After 9/11, the world changed, especially for Americans. In New York City in 2002, the crisis still hovers as New Yorkers do their best to move on, to continue their lives. This is true for Richard Zale (Richie Zaleski), an actor most famous for his work in commercials. Caught up in the nostalgia of a youth defined by its music, when Zale learns of yet another commercial sellout to a corporation - this time of a classic Beatles’ tune - his first response is to share his outrage with a childhood friend.
On impulse, he phones Angela Sesto, the sister of his former best friend, Joey, only to learn that Joey has died in a fall. Assailed by regrets, Richard returns for a short visit to Wyanossing, PA, where his attempt to put the past to rest turns into a mystery fueled by inconsistencies and the strong pull of adolescent memories. With his wife, Isabel, and daughters waiting at home, Richie steps into the past and grapples with the present, including potent memories of his romance with Angela. Perhaps he is motivated by guilt in letting the friendship with Joey fall away; whatever the reason, the longer he stays, the more troubling Joey’s death becomes.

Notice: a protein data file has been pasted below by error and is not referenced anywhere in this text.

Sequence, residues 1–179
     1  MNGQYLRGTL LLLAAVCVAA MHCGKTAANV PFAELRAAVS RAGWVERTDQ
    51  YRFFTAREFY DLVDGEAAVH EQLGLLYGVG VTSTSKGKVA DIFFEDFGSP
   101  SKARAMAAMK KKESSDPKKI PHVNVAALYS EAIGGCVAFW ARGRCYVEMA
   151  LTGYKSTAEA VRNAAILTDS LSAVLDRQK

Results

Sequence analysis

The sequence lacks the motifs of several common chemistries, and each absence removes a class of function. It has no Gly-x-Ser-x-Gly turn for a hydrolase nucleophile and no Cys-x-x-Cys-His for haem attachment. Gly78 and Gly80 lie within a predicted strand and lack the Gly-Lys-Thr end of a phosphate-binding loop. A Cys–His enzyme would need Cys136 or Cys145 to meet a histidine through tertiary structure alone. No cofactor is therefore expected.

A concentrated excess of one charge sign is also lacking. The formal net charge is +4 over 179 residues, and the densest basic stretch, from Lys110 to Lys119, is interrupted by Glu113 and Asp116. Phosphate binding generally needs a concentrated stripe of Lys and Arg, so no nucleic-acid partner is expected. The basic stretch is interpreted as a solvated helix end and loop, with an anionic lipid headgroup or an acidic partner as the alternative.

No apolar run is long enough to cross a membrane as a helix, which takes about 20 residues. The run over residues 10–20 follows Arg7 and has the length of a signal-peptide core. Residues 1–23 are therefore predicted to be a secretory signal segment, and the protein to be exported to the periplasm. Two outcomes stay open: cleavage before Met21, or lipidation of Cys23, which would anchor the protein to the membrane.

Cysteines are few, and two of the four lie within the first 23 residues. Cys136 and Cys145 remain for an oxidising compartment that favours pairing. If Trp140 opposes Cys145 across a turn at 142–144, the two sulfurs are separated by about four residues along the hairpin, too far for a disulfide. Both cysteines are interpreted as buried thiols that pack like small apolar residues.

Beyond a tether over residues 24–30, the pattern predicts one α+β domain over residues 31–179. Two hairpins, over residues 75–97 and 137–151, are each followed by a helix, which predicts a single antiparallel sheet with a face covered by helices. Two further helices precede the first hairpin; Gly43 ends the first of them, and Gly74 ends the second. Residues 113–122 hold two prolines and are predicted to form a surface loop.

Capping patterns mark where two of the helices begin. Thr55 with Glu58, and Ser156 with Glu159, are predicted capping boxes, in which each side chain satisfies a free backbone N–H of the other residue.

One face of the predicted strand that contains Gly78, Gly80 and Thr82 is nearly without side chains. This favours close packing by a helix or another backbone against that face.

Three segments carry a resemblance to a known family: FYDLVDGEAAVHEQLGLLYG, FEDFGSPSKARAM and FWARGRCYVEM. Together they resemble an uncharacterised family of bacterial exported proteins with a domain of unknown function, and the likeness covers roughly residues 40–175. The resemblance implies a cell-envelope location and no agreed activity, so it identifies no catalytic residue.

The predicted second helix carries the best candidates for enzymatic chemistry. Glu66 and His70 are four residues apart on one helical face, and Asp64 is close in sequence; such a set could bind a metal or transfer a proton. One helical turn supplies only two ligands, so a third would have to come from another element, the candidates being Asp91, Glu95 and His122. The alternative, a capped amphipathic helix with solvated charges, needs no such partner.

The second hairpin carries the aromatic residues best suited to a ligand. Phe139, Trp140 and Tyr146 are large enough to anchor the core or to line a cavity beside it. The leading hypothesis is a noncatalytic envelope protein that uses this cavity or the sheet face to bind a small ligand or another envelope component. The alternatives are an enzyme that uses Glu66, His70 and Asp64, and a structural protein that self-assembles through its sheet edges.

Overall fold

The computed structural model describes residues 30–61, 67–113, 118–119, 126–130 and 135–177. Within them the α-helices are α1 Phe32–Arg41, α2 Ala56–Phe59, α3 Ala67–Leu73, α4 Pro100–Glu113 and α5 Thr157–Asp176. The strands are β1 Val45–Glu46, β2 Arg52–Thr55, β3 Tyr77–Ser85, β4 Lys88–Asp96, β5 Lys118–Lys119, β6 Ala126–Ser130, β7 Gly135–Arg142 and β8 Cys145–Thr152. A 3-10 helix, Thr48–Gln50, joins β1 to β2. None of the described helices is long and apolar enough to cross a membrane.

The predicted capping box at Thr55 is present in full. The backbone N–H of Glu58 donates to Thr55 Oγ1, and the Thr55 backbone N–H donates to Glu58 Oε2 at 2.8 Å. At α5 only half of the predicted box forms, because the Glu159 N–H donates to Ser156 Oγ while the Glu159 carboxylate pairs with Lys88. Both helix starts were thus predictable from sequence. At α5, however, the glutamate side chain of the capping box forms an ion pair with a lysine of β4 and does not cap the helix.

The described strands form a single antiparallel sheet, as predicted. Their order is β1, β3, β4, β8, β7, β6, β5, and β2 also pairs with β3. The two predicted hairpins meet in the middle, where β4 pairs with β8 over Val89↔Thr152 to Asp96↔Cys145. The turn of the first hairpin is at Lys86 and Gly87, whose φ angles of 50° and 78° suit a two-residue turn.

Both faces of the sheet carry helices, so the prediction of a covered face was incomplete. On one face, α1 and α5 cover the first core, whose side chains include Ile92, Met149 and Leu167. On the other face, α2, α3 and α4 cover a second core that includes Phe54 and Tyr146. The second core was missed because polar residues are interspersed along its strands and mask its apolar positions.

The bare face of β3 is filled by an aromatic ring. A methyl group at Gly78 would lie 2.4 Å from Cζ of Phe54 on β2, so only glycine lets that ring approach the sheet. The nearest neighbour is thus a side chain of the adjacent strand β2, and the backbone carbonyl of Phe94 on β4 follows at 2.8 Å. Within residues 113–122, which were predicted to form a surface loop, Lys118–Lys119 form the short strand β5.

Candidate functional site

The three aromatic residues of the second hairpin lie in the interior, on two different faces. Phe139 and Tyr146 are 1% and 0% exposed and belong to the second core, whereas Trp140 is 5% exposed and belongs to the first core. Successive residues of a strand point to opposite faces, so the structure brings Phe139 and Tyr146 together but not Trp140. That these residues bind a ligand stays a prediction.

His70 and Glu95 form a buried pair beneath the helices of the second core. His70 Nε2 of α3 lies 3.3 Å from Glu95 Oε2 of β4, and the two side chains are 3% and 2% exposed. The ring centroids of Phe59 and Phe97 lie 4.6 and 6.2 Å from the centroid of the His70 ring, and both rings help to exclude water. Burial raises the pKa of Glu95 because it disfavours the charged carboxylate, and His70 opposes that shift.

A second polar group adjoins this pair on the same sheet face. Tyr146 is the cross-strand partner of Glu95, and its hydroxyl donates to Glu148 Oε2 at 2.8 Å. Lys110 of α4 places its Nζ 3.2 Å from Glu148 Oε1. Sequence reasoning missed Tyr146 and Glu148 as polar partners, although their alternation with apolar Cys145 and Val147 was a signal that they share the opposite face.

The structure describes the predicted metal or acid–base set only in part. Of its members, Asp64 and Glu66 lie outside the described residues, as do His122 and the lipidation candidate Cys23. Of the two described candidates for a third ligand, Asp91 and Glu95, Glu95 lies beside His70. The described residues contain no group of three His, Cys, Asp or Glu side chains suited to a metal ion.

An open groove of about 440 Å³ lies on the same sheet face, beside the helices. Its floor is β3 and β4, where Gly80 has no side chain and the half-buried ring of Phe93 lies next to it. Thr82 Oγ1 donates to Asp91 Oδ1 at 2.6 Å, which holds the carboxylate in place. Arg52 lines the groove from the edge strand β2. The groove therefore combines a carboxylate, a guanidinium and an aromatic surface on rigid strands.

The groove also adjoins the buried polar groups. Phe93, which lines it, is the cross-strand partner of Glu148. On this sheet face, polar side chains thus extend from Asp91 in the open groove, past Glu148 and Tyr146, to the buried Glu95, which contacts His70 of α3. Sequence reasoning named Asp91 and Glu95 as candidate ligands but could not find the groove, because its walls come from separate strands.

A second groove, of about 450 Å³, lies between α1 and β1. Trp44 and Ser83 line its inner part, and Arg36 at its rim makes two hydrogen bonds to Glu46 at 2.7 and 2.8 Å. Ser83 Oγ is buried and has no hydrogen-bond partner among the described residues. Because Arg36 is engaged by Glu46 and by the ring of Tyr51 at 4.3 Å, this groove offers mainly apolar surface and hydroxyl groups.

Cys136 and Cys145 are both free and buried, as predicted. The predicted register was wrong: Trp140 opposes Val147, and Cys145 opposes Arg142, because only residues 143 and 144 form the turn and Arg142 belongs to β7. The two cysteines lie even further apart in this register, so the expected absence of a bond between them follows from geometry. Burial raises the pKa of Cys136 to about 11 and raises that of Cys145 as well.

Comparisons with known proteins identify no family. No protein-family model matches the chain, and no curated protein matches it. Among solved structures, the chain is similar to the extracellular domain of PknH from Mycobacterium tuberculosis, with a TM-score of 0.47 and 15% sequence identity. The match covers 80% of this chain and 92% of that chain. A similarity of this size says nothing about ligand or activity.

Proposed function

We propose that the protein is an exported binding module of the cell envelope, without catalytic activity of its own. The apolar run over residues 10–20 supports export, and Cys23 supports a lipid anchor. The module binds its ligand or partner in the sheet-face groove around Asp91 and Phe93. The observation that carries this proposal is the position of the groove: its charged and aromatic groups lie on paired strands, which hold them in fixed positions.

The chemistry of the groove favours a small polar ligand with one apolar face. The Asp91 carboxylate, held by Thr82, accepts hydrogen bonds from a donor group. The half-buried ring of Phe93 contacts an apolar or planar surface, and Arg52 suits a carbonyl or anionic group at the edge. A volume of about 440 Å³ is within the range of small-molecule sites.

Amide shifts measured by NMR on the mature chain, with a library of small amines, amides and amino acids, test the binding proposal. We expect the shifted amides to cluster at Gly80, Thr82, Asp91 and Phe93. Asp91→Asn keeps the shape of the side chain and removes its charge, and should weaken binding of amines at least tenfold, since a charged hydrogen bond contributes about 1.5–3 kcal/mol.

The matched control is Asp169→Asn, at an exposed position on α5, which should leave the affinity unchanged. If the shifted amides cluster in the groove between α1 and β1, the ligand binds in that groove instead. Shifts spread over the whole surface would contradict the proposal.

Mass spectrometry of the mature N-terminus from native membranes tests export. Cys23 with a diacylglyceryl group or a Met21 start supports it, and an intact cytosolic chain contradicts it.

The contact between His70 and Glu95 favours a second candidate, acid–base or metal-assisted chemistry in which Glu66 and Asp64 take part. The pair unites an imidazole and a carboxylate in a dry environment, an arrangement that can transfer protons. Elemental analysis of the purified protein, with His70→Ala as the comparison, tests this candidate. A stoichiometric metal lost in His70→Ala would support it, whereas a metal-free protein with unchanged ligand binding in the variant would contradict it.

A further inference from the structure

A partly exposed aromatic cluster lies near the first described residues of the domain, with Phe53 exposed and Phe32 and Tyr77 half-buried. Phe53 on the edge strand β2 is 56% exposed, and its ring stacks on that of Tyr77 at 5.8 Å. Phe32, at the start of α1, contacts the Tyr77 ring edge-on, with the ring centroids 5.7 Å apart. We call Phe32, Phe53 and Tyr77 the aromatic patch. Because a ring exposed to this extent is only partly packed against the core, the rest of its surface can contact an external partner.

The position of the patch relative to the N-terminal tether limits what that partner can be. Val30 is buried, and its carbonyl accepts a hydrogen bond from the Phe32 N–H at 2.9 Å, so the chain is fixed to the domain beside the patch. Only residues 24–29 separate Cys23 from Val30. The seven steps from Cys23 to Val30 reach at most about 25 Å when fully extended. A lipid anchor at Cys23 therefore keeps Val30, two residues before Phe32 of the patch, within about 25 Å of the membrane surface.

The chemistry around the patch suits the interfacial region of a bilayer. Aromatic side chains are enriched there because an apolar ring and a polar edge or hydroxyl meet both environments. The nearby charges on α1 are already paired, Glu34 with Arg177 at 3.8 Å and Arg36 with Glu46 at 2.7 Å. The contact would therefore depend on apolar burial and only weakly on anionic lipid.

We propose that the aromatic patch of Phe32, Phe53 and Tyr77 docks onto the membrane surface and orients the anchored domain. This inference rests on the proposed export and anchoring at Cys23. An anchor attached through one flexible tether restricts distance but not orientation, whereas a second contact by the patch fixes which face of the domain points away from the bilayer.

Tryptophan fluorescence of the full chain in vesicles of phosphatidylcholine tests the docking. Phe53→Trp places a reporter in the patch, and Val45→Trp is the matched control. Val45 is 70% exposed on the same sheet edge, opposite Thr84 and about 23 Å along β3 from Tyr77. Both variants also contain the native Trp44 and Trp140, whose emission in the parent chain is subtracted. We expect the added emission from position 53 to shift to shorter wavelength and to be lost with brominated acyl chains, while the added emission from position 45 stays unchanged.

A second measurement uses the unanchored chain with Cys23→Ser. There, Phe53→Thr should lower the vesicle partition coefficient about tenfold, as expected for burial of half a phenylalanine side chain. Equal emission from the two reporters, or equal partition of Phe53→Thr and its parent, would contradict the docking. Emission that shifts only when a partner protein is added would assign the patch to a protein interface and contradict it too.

In Wyanossing, small-town values are strong, the same values learned as youths settled in the faces of those who stayed behind, married and became successful. Slipping between memories and the reality of Joey’s place in this town, Zale learns that his friend was disliked by many, a thorn in the side of corporate community leaders. Refusing to leave until he has made sense of Sesto’s death, Fulmer’s protagonist is quickly trapped in the past, his attraction to Angela rekindled as he stubbornly digs through Joey’s activities shortly before his accident.
Pursued by an attractive young waitress who wants a career in New York and sees Richie as a means of accomplishing her goal, Zale struggles to keep his perspective, but the easy days of youth and memory are clouded by the Joey’s demise and an increasing sense of something terribly wrong in Wyanossing: “Something unkind was hiding in this quiet town.” Not only can’t you go home again - Zale learns that it may be impossible, his investigation ending in a deadly reckoning that rips away any façade of normalcy he may have fooled himself into believing. Faced with his own mortality and some ugly truths, everything falls into place in Fulmer’s tale of friendship turned deadly.
Fans of Fulmer are familiar with his penchant for musical themes, whether the jass of Storyville or the rhythm and blues of Philly in the ‘50s. It is no surprise then, when a Beatles song gives birth to this mystery, a link to the past that resonates with a generation that has indeed defined itself by its music. Sadly for this protagonist, the song two friends loved instead becomes an elegy for a friendship gone fallow and the cruelties of a town harboring modern-day criminal activities.